/ The brand campaigned for and supported California’s Prop 8.

/ In 2008, American Apparel began donating “Legalize Gay” t-shirts to any gay rights groups that needed them. Since the passing of Prop 8 in California, the company has given away more than 50,000 of these t-shirts to everyone from LGBT clubs on college campuses to the Harvey Milk School in San Francisco.

/  In 2011 and 2012, the brand donated T-shirts and other items to many LGBT Youth organizations, including the LA Gay and Lesbian Center Young Professionals Council and LikeMe.org.

 

 

 

 

/ The brand had lots of issues with founder and former CEO, Dov Charney, including sexual harassment cases and inappropriate comments.

/  The brand has since fired the CEO. According to Reuters in May 2015, American Apparel was suing Charney for violating standstill agreements.

/  According to The Guardian in June 2015, American Apparel had been granted a restraining order against its founder and former chief executive, Dov Charney.

 

 

/ The brand invests in manufacturing in the US and is vertically integrated.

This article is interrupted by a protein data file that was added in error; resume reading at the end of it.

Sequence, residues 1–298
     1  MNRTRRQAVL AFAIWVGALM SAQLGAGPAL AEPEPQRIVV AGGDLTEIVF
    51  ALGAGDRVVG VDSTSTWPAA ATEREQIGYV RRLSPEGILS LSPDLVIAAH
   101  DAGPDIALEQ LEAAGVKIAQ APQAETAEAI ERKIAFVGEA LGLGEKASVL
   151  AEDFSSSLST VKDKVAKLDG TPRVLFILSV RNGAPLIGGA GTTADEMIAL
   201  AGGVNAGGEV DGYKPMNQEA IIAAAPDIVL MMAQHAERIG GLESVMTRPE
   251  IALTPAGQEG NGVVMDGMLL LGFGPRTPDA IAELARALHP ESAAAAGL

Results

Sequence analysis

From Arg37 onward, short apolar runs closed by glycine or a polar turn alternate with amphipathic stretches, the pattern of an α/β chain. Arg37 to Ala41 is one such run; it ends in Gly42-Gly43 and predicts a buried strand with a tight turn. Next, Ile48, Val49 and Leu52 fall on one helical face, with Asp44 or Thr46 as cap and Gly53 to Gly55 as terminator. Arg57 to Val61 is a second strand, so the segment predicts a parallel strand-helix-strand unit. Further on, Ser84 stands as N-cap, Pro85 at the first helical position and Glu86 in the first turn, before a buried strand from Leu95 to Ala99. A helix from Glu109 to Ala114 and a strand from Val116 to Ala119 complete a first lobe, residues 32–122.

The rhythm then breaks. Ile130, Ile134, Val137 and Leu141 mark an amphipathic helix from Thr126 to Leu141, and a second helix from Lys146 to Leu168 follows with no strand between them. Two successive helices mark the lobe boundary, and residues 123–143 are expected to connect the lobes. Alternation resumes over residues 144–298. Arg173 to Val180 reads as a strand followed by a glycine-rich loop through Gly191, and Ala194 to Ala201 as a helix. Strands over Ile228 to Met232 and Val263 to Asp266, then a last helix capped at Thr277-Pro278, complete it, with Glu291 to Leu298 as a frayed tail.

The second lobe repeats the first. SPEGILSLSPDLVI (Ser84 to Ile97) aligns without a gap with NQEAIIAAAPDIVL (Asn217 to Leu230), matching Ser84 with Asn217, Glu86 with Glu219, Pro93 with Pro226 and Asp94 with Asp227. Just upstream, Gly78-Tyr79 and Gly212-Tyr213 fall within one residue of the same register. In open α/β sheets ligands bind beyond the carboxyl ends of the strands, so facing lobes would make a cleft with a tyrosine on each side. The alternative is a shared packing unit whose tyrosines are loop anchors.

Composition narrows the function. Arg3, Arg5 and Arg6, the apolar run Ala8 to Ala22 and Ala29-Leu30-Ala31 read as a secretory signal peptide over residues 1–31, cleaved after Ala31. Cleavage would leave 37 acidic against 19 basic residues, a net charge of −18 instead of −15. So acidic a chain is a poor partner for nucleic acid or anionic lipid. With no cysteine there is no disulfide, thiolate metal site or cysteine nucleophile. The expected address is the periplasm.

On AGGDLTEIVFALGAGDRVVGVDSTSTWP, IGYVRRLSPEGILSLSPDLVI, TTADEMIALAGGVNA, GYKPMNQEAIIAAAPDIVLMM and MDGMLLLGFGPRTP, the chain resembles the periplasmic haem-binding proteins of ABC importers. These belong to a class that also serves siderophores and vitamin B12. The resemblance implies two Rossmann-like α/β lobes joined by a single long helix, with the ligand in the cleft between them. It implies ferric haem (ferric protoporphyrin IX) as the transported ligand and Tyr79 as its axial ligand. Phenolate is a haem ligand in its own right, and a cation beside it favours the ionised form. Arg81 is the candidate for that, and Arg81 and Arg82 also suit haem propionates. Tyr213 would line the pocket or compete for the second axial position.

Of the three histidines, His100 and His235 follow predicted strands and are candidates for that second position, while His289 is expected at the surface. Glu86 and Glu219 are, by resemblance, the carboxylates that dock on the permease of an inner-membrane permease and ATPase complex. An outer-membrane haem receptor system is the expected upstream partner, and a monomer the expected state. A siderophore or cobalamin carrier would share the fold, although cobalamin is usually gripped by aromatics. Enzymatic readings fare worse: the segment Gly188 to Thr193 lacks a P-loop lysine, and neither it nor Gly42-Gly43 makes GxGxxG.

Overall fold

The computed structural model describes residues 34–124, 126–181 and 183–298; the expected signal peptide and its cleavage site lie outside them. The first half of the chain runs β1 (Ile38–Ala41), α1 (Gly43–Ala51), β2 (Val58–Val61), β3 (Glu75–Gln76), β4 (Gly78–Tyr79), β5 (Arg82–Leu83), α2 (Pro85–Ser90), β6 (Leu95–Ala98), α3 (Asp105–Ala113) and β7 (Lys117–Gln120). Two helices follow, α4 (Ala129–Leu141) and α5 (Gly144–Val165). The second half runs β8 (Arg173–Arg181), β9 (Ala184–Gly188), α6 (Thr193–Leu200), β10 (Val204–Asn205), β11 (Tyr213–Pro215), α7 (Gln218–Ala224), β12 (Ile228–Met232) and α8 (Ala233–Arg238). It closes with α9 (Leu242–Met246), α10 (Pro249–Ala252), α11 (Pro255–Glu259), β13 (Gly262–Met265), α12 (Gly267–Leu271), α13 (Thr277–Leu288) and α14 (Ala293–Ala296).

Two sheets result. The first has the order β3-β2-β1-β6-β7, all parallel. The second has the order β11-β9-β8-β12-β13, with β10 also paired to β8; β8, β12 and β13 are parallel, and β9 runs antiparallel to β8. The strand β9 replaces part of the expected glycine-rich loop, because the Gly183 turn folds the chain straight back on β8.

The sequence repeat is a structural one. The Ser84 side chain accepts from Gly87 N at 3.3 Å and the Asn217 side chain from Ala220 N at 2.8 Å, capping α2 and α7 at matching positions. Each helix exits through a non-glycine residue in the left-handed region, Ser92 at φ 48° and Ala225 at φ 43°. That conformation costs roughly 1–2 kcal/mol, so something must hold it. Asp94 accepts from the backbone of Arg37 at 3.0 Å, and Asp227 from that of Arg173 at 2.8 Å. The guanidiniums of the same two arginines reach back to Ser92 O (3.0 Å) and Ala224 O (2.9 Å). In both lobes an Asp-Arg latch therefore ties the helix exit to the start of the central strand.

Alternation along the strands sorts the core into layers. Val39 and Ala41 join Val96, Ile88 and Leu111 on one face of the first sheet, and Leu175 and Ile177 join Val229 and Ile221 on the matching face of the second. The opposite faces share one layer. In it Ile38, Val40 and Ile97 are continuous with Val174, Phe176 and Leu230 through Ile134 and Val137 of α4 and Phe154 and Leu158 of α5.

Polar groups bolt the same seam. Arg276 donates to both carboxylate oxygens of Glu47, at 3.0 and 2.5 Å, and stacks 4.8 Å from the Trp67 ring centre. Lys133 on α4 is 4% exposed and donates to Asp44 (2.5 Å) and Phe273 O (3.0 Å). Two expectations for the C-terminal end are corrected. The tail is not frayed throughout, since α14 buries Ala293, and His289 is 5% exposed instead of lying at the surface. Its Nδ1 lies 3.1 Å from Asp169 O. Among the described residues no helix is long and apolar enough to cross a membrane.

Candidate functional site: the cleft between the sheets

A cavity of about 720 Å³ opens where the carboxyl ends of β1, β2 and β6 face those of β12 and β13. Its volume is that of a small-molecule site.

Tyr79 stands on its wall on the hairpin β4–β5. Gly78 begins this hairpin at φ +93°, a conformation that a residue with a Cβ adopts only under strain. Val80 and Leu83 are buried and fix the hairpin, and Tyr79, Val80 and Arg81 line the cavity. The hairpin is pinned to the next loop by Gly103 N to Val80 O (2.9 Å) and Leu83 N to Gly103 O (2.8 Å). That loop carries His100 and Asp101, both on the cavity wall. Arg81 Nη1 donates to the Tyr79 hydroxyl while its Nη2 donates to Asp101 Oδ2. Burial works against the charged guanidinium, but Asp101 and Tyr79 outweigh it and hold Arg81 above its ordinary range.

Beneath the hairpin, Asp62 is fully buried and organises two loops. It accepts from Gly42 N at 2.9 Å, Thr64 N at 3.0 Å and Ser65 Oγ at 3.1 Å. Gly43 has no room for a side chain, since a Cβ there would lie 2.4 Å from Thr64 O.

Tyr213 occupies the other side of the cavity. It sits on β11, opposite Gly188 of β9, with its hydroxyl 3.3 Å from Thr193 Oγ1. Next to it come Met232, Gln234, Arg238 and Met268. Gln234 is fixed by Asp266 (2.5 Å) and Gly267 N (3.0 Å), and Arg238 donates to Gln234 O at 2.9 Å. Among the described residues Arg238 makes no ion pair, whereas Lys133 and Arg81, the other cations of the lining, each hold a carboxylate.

The brand recycles almost all its manufacturing waste, an average of 125,000 lbs of textile and 25,000 lbs of paper, plastic and cardboard per week.

 

 

VOICES

ALDEN WICKER | REFINERY 29

“After all, you cannot deny that Dov worked hard to build a company that was proving — for a time — that you could be profitable and hip while paying American workers a living wage and treating them with dignity and respect that immigrants workers rarely receive.” – 10/20/2015

 


SUSAN BERFIELD | BLOOMBERG BUSINESSWEEK

“All along they were thinking that anything goes in Charneyville,” says Thomas White, a professor of business ethics at Loyola Marymount University in Los Angeles. “They only started to worry when they looked up and saw financial disaster.” – 07/09/2015

 

 

We haven’t heard anything from the brand, yet.  Check back soon!